[Interview] Bomani J. Story + Laya DeLeon Hayes for THE ANGRY BLACK GIRL AND HER MONSTER

[Interview] Bomani J. Story + Laya DeLeon Hayes for THE ANGRY BLACK GIRL AND HER MONSTER

In Bomani J. Story’s THE ANGRY BLACK GIRL AND HER MONSTER, inspired by Mary Shelley’s “Frankenstein,” Vicaria (Laya DeLeon Hayes) is a brilliant teenager who believes death is a disease that can be cured. After the brutal and sudden murder of her brother, she embarks on a dangerous journey to bring him back to life.

For the release of THE ANGRY BLACK GIRL AND HER MONSTER, Nightmarish Conjurings’ Shannon McGrew spoke with writer/director Bomani J. Story and actor Laya DeLeon Hayes. During their interview, they discussed everything from how Mary Shelley’s “Frankenstein” provided a jumping point, how Vicaria’s fascination with death fueled interest, and which scenes proved to be the most memorable.

Thank you both so much for taking the time to speak with me today. Bomani, to start things off what inspired you to do your own adaptation of “Frankenstein”? 

Bomani J. Story: I read the book and got really horrified by it. The themes really resonated with me and I was surprised how relevant the themes were still. It started with the book and also just in my own household with…I have two older sisters who shepherded me and mentored me throughout my life and that was a huge part of why I wanted to tell this story in this way. They were kind of my muse, you know? They were very gracious and allowed me to utilize some elements of them in this story.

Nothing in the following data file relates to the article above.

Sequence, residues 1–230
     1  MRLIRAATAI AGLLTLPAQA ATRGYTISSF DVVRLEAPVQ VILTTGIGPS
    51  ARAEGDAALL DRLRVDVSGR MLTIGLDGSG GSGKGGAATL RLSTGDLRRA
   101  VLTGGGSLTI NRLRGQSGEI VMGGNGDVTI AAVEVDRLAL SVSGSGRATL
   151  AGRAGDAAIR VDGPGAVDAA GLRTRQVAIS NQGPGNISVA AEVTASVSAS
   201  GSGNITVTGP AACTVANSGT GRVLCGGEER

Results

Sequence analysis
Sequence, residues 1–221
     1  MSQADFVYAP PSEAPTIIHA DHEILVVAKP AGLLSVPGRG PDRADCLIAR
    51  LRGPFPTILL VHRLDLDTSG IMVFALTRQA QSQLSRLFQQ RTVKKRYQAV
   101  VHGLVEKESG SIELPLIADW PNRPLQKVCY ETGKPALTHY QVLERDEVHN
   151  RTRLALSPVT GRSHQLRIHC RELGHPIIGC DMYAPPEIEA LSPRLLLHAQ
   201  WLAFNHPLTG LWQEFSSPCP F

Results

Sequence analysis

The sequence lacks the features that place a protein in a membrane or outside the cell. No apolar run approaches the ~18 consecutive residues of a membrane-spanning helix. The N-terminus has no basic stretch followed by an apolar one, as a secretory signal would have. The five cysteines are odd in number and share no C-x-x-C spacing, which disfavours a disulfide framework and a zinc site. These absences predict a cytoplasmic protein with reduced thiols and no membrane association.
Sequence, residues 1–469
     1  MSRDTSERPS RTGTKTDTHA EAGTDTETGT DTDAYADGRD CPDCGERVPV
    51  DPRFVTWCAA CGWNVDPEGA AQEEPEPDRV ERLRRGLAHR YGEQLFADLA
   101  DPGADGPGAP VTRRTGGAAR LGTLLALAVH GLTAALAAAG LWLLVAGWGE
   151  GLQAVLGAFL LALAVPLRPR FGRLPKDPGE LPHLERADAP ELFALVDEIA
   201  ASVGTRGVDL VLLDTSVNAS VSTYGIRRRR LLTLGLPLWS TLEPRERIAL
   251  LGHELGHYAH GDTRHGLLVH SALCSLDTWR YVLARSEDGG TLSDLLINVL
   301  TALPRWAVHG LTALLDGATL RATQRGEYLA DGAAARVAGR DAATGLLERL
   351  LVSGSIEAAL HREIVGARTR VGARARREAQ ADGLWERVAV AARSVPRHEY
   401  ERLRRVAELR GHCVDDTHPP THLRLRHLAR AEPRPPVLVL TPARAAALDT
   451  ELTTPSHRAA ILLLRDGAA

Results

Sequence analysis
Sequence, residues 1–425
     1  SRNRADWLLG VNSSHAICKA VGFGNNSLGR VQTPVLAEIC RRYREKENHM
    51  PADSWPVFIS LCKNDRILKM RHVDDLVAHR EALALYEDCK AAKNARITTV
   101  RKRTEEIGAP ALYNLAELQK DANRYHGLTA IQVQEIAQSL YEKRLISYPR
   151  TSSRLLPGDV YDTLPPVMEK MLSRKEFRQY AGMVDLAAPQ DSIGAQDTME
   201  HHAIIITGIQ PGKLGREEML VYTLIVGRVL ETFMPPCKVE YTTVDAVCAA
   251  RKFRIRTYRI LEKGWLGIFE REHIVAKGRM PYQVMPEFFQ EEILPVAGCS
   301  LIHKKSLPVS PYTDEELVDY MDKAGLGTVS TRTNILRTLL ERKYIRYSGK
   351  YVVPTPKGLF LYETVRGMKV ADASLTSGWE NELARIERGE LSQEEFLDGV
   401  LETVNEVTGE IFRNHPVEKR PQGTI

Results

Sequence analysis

Laya, can you tell us a little bit about your character Vicaria and what drew you to this role? 

Laya DeLeon Hayes: Vicaria is a 17-year-old prodigy, basically. She is a mad scientist with the objective to cure death. After seeing the very recent and sudden death of her brother Chris, she wants to cure death by bringing the dead back to life. Our movie kind of focuses on a lot of internal messages within that. But what drew me to Vicaria was that obsession with death, that obsession with the fragility of life. As a 17-year-old Black girl, you don’t get many characters that are as compelling or layered as Vicaria was and is. From the very beginning, from the moment I read the script and I even read the character description, I felt a connection to her and I felt something in her that resonated with me.